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Trillions of cicadas last seen when Thomas Jefferson was president to swarm US for first time in more than 200 years

Get ready for a buzzing good time! This year marks a unique event – the first time in over two centuries that two distinct cicada broods, XIX and XIII, will emerge from the earth together. Imagine, the last time this happened was during Thomas Jefferson’s presidency, and the next won’t be until the year 2244!

These inch-and-a-half-long insects boast impressive physiques: sturdy bodies, bright red multifaceted eyes, and delicate, transparent wings stretching to nearly three inches. But don’t let their appearance fool you – the Environmental Protection Agency assures us cicadas pose no threat to people, pets, gardens, or farms.

In fact, these fascinating creatures are a valuable food source for birds and mammals. They even contribute to healthy soil by aerating lawns, improving water filtration, and adding nutrients as they decompose.

While most cicada species emerge annually, the United States is home to two special broods that spend either 13 or 17 years underground before surfacing.

“The co-emergence of any two broods of different cycles is rare, because the cycles are both prime numbers,” explains John Cooley, a cicada expert at UConn.

“Any given 13 and 17-year broods will only co-emerge once every 13 x 17 = 221 years,” he added.

Trillions of cicadas last seen when Thomas Jefferson was president to swarm US for first time in more than 200 years
The intersection of these two groups is limited to a compact region in the heart of Illinois, occasionally extending into Indiana. (REUTERS)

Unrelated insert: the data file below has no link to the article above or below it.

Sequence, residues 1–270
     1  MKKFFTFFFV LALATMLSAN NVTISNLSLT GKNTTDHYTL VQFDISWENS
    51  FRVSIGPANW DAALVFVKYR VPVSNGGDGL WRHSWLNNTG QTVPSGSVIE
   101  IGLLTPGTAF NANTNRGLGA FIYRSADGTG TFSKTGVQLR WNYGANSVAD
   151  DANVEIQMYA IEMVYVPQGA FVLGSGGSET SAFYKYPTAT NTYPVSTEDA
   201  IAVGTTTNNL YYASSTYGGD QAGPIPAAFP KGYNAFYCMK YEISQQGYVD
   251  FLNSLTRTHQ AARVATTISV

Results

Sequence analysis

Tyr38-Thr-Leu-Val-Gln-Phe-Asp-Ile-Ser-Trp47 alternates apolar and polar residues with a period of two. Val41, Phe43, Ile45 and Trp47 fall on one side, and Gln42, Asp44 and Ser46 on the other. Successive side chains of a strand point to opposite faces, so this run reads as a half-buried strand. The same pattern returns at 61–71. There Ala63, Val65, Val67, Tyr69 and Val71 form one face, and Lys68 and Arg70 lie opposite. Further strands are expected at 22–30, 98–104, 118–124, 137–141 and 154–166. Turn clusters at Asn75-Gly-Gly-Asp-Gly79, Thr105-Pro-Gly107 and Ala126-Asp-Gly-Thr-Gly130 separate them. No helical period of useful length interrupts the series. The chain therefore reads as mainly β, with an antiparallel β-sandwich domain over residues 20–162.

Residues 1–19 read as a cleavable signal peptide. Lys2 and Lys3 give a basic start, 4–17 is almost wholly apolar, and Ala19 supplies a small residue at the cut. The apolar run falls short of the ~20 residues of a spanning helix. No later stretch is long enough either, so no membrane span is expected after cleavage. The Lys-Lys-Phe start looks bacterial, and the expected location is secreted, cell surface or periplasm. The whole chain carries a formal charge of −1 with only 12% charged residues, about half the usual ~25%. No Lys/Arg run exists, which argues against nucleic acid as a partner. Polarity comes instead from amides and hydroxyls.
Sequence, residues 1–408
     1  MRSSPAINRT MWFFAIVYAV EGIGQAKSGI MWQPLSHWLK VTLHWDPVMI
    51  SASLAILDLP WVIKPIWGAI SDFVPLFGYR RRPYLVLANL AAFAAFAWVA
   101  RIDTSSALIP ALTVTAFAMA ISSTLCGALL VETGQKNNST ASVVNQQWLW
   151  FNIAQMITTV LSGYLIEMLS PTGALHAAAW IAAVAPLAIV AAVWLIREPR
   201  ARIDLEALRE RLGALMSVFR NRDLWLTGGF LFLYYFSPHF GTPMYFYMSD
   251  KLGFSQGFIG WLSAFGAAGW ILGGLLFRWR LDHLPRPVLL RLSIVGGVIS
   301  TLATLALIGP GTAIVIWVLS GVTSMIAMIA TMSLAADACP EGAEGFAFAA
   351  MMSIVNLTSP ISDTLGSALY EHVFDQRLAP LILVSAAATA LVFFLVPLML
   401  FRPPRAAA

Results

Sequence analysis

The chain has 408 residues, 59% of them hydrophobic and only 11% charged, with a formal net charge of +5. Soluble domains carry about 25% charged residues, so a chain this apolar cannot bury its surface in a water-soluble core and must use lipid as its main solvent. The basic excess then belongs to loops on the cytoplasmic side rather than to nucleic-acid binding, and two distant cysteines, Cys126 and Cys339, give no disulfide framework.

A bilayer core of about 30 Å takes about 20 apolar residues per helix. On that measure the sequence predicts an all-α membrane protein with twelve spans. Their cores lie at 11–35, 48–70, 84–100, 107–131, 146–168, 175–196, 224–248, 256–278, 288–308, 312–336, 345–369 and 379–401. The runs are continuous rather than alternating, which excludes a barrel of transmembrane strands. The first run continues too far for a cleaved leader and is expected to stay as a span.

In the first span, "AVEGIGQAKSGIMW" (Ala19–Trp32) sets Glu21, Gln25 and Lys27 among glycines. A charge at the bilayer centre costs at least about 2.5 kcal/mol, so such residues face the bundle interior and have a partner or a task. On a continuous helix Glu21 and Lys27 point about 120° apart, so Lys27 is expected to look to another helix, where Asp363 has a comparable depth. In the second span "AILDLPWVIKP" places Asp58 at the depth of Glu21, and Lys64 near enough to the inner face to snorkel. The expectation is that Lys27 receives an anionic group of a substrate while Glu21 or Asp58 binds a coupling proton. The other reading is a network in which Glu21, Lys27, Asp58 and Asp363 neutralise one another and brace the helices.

Brood XIII, known for its 17-year cycle, primarily inhabits northern Illinois, eastern Iowa, southern Wisconsin, and a few northwestern Indiana counties.

Brood XIX, with its slightly shorter 13-year cycle, boasts a wider range across 15 states, including Alabama, Arkansas, Georgia, and Virginia.

While their territories encompass parts of 17 states, these two broods only significantly overlap in a small area of central Illinois and occasionally Indiana. This proximity might even allow for some interbreeding between broods.

Female cicadas create slits in small tree branches, laying clutches of 20 to 30 eggs within each. A single female can lay hundreds of eggs in her lifetime! These eggs hatch in late summer, and the young cicadas burrow back underground.

John Cooley emphasizes the rarity of this event, comparing it to a sight even more spectacular than Halley’s Comet. “This summer, some will get a chance to witness a phenomenon rarer, and probably louder, than Halley’s comet,” he says.

“You cannot possibly be unaware that periodical cicadas are out, because they’re out by the millions and millions, and they’re noisy, charismatic, active insects that are just everywhere,” Cooley noted.

However, the EPA warns that cicadas can pose a threat to young trees by laying eggs in their branches. The agency recommends covering vulnerable saplings with mesh or netting to deter these industrious insects.

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